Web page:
The accuracy of inferring left ventricular volume from dimension depends on the frequency of information needed to answer a given question.
Left ventricular volume is an important variable in cardiovascular physiology. Because volume cannot be transduced directly, by necessity people measure one or more cardiac dimensions, then implicitly or explicitly estimate volume. Despite its common use, this practice has never been adequately justified. Previous validations of the use of left ventricular dimensions to infer volume have ignored the complexity of the relation between dimensions and volume, particularly over a broad range of hemodynamic states, and have not considered the frequency content of the volume signal needed to answer a given physiological question. We show that, strictly speaking, the assumptions underlying this practice are false. The resulting errors are of little practical consequence under many circumstances, whereas they can be quite important under other circumstances. We consider the frequency content of the volume signal to organize our examples and findings. In this general framework, we find that, for most assessments of volume change from dimension change at or below a frequency of about the heart rate (e.g., beat-to-beat end-diastolic volume), there is no limitation, provided all relevant dimensions are measured. However, for information at frequencies above the heart rate (i.e., rapid changes in volume or dimension), it is probably not possible to draw accurate conclusions about left ventricular volume from dimension data.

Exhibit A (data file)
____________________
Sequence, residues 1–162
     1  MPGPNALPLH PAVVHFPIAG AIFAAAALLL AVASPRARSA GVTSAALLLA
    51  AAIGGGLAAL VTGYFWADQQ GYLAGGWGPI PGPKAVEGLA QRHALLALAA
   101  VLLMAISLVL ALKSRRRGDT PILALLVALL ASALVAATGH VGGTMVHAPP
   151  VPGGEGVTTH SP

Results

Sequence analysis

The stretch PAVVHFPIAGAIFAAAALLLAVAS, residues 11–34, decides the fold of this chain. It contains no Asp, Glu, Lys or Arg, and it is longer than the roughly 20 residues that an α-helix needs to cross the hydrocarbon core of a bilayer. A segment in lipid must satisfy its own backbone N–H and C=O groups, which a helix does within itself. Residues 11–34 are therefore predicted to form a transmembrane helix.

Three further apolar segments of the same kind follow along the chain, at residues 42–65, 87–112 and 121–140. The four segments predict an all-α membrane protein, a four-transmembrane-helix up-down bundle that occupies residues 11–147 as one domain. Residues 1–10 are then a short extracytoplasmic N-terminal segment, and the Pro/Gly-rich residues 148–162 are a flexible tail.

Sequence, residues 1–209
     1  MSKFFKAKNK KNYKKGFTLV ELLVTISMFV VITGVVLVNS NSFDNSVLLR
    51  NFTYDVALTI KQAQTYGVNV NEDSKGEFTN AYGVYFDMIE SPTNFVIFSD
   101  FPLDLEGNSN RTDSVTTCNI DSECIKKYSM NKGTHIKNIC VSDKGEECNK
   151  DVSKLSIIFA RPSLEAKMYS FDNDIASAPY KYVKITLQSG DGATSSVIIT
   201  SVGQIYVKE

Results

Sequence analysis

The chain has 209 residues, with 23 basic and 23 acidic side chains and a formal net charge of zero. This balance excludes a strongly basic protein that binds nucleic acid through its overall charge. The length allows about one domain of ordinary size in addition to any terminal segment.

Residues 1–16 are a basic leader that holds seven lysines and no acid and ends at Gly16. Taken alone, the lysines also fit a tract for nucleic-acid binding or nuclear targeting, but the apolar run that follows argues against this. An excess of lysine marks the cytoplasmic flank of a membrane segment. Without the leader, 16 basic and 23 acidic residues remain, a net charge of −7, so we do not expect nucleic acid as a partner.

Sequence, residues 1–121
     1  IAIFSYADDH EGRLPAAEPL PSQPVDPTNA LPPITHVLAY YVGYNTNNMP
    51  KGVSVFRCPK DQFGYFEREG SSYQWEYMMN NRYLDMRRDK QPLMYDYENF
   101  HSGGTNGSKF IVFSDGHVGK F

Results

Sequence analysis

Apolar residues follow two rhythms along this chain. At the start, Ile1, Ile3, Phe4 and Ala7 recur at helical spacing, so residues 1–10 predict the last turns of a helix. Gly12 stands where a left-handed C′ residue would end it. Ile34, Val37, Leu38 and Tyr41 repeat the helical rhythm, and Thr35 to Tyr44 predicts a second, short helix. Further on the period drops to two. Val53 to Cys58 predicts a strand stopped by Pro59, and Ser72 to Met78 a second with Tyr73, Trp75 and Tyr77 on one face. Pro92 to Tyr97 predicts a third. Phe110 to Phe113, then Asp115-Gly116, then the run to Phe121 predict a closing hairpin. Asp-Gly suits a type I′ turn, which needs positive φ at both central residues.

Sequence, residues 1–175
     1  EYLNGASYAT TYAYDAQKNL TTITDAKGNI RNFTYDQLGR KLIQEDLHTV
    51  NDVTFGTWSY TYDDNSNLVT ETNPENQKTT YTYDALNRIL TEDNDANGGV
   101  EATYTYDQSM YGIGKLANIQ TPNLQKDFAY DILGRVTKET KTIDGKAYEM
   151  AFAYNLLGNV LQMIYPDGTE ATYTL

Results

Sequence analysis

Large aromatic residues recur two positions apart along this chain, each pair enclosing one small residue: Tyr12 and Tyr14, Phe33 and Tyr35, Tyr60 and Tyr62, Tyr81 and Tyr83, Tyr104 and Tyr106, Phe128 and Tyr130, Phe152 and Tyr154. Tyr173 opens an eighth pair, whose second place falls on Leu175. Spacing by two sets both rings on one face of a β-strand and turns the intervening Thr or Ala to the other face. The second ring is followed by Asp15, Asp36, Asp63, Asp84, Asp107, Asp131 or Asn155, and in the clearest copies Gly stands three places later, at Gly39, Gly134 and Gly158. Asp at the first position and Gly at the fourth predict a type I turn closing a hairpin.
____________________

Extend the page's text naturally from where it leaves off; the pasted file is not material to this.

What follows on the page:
- Copyright © 1985 by American Heart Association